Life insurance is designed to ensure that your dependants do not suffer financially in the event of your death, and as such, many policies are set up to cover the main breadwinner in a family.
As this person makes the most significant financial contribution to the running of the household, this approach might appear to make sense.
But the consequences of the other partner’s death – even if they don’t earn as much, or have no income because they look after the children full-time – can also be serious from a financial point of view.
This is why you should consider taking out life insurance that covers either partner’s potential death. Your insurance company may ask for further details or for a family medical history, before the policy is supplied.
Much more than in the past, many families today have two breadwinners – often, the loss of either income would create huge financial problems. In situations such as these, the case for insuring both partners’ lives is easy to make. But that doesn’t mean that a stay-at-home father or mother should not be insured in the same way.
After all, their work – in bringing up children and looking after the home, for example – has considerable value, even if they are not paid directly for it. If the worst happened and a stay-at-home parent died, their partner would face a significant extra financial burden. Either they would have to work less in order to devote more time to their family, or they would have to pay for extra domestic help. It is clear that in circumstances such as these, it is important for both partners to have life insurance.
Your cover options
When it comes to insuring two people, there are two options. Each person can take out their own life insurance policy onlice, or a couple can take out a joint-life policy.
Let’s have a look at the differences.
The extent of cover: With two separate policies, the insurance will pay out when either policyholder dies (provided any term that the insurance is in force for has not elapsed). With a joint-life policy, on the other hand, there is usually a payout on the first death only. After this, the other policyholder will no longer be covered.
This could create further problems in the future: if the surviving partner needs to find new life insurance later in life, it is likely to be significantly more expensive. And if they have suffered any health or medical problems since the original cover was set up, this will increase the premiums further.
Price: Because two separate policies offer a greater amount of cover, they are normally more expensive than a joint-life policy. But the difference can be very small, and it is worth comparing prices for both options.
If there is not much in it, you may feel happier with the extra protection that separate policies can offer. If you are buying term insurance, which only lasts for a fixed number of years, the price difference is likely to be smaller. With whole-of-life cover, on the other hand, where the two separate policies are sure to pay out at some point, you can expect there to be a larger price differential.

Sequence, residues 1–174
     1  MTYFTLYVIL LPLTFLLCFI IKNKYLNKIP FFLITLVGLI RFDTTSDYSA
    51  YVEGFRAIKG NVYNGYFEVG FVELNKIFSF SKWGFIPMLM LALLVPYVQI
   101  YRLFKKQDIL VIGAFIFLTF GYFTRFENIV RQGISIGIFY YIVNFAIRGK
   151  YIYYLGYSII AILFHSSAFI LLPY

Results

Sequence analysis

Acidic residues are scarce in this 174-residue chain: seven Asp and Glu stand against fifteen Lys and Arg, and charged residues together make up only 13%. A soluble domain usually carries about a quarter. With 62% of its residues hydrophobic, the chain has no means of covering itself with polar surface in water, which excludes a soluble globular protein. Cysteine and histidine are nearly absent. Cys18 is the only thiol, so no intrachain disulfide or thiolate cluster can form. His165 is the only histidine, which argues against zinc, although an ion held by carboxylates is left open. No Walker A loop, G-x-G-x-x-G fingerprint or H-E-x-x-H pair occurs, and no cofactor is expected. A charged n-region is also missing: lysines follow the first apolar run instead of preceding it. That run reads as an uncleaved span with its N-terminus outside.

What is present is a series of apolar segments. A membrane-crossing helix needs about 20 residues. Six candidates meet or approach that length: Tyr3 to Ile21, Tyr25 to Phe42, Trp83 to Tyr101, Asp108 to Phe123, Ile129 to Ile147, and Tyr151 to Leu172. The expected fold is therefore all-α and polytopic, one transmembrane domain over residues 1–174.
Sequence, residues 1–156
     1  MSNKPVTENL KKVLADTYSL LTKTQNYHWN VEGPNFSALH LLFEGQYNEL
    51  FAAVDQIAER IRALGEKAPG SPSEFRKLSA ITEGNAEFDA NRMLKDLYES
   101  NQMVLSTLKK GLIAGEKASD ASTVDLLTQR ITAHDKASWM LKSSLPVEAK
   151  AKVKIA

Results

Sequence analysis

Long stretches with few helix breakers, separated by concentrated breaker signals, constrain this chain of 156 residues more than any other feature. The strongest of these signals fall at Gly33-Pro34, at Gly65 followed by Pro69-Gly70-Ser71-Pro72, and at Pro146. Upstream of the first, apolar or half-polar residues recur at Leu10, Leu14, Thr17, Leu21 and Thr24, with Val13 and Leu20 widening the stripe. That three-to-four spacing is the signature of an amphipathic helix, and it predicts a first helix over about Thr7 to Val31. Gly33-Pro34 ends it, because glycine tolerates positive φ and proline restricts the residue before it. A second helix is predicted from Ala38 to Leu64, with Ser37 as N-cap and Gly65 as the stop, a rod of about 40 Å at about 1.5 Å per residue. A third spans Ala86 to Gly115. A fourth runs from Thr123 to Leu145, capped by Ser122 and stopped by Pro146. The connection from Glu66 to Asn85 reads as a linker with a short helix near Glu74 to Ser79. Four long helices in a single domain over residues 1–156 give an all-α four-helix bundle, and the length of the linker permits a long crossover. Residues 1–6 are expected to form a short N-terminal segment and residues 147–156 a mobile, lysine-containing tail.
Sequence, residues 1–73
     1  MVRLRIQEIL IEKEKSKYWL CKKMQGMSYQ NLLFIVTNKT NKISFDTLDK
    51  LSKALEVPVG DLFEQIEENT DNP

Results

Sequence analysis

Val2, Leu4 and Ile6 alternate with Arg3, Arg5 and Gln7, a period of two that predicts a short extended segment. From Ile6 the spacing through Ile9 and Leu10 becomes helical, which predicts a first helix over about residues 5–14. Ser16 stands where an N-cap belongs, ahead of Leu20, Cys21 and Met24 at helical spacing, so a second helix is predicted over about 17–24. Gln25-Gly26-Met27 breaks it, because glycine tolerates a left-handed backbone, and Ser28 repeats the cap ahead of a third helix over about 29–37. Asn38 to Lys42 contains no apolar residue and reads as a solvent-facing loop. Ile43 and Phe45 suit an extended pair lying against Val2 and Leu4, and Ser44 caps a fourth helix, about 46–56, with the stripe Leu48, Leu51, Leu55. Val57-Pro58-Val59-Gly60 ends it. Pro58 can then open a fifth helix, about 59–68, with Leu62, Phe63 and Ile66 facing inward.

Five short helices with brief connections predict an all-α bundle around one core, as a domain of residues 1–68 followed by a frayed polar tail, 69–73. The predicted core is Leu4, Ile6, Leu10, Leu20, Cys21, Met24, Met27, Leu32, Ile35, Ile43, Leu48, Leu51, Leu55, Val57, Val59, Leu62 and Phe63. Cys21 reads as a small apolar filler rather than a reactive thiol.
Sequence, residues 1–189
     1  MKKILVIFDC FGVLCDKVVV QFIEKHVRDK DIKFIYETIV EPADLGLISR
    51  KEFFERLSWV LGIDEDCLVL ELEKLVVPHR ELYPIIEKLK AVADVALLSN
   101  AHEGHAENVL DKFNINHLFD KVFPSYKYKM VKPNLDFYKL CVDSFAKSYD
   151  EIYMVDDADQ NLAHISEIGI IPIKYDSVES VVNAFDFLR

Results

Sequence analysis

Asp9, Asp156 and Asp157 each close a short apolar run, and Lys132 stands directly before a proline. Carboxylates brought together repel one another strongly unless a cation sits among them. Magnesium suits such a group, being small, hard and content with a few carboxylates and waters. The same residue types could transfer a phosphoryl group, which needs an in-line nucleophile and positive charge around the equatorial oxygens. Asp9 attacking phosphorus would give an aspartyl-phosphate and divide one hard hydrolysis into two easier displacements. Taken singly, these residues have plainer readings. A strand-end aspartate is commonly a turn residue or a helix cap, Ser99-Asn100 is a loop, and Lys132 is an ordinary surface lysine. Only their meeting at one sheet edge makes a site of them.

Flexibility: Taking out two separate policies allows you to insure each life for different amounts, if that is appropriate. The main earner in your family, for example, may be insured for a greater sum than a stay-at-home parent. And problems could arise if a couple with a joint
life insurance policy decide to separate: an insurer would be unlikely or unable to split the cover, which would leave either party needing to arrange their own insurance again from scratch. This could prove expensive if, as explained above, a lot of time has passed (premiums for life insurance are higher the older you are) or if you have suffered any health problems since the original cover was arranged.
Reducing your family’s tax bill
When you set up a life insurance policy it is also worth thinking about how to make sure your dependants can get hold of any payout with the lowest possible tax charge if the worst does happen. Writing your life insurance policy in trust means the cover is ring-fenced outside the rest of your assets, such as savings, investments and property.
This means that payments from the policy are not included in your estate for inheritance tax purposes. At the moment, inheritance tax is charged at 40 per cent on any bequeathed assets above the £325,000 threshold.
Recent rule changes mean that the surviving spouse or civil partner can receive any unused portion of their late partner’s £325,000 allowance. But depending on the value of any property or investments you have, up to 40 per cent of a life insurance payment could end up in the taxman’s hands if the policy is not written in trust.
A joint-life policy can be written in trust so the payout goes to the surviving spouse or to any children in the event of both parents’ deaths. A trust is normally simple and cheap (or even free) to set up: talk to your insurer when you take out your policy, but bear in mind that a trust is not appropriate in all circumstances.
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